J Cancer 2019; 10(18):4178-4188. doi:10.7150/jca.34430 This issue

Research Paper

Androgen Receptor Promotes Gastric Carcinogenesis via Upregulating Cell Cycle-Related Kinase Expression

Ren Wang1*, Xiao-yi Xu1*, Hong Zhu2*, Xiong Liang2, Xue Li2, Ming-xu Jia2, Qing-hua Wang2, Hui-yun Wang1✉, Xiao-xing Li1✉, Gui-jun Zhao2✉

1. State Key Laboratory of Oncology in South China, Collaborative Innovation Center for Cancer Medicine, Sun Yat-Sen University Cancer Center, Guangzhou, Guangdong, China
2. Endoscopy Center, Inner Mongolia key laboratory of endoscopic digestive diseases, Inner Mongolia People's Hospital, Hohhot, Inner Mongolia Autonomous Region, China
* These authors have equally contributed to this work.

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Wang R, Xu Xy, Zhu H, Liang X, Li X, Jia Mx, Wang Qh, Wang Hy, Li Xx, Zhao Gj. Androgen Receptor Promotes Gastric Carcinogenesis via Upregulating Cell Cycle-Related Kinase Expression. J Cancer 2019; 10(18):4178-4188. doi:10.7150/jca.34430. Available from https://www.jcancer.org/v10p4178.htm

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Gastric cancer (GC) is a leading global health problem as it is the fifth most common cancer type and the third most common cause of cancer-related deaths worldwide. In most areas of the world, the incidence rate of GC is 1.5- to 3-fold higher in males than in females. The androgen receptor (AR) is an independent adverse prognostic factor in patients with GC. However, the mechanism by which AR regulates the progression of GC remains unclear. In this study, we found that AR expression was upregulated in 6/8 GC cell lines, and this expression was higher than that in immortalized gastric cells. AR expression was also higher in GC tissues than in adjacent tissues. Moreover, the ectopic expression of AR promoted the colony formation ability, migration and invasion of GC cells. In contrast, AR knockdown had the opposite effects on GC cell lines. Remarkably, we found that AR regulated cell cycle-related kinase (CCRK) expression through transcriptional mechanisms. The AR-CCRK axis promoted GC development through the phosphorylation of GSK3β and β-catenin. Furthermore, TCGA data revealed that high expression of AR or CCRK was related to poor prognosis in GC patients. The prognosis was significantly worse in patients with concurrent high AR and CCRK expression than in patients with low AR and CCRK expression. In conclusion, our study demonstrated that AR and CCRK acted as oncogenes in GC progression. However, their clinical roles require further exploration.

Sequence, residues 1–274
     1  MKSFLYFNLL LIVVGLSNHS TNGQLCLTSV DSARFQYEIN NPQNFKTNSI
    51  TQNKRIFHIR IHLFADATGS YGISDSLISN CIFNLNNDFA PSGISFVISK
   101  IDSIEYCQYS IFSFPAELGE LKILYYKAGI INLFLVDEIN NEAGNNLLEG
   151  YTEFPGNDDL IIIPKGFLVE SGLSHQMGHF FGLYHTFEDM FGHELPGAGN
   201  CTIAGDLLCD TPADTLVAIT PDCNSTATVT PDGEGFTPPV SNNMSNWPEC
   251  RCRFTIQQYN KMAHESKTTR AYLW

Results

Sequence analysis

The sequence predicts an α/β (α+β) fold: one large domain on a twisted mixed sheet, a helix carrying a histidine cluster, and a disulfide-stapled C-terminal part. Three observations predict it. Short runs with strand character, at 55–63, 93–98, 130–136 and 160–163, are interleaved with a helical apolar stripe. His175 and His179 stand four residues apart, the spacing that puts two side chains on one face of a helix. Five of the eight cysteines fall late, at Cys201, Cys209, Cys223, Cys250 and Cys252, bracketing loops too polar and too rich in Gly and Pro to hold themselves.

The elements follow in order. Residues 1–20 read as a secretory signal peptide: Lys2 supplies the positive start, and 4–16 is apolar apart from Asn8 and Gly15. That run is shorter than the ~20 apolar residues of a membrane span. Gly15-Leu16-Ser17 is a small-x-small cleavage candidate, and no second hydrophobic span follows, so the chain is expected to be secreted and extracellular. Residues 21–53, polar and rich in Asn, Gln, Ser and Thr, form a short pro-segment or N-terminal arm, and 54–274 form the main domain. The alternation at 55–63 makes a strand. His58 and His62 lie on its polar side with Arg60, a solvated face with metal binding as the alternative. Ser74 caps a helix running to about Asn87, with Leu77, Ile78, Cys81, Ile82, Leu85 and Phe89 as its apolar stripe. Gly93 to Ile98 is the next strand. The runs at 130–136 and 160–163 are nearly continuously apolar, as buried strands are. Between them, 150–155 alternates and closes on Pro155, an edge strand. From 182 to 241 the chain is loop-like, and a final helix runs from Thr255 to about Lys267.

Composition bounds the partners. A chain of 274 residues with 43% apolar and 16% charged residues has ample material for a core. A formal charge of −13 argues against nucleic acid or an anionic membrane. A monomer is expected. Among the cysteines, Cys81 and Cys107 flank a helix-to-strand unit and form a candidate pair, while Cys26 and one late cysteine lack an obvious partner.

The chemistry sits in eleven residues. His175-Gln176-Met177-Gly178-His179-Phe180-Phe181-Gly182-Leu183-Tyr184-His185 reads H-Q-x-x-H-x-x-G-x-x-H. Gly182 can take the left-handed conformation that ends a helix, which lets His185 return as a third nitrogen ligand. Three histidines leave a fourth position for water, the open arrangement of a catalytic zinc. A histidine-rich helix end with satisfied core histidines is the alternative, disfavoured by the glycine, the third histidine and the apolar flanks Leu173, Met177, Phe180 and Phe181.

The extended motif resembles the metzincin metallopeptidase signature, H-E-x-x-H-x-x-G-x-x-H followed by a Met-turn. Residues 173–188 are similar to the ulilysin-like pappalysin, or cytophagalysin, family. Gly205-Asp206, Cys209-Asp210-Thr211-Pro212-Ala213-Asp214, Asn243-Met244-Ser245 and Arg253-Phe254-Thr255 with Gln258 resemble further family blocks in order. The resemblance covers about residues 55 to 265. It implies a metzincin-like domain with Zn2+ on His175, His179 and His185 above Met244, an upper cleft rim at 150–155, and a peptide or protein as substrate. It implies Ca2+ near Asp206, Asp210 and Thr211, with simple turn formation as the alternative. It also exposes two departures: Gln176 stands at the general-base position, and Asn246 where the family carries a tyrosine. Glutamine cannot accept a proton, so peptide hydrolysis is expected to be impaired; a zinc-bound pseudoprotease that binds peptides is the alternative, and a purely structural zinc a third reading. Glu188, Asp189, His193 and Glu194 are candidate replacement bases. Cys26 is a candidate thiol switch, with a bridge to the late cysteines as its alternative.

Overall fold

Keywords: AR, CCRK, gastric cancer, prognosis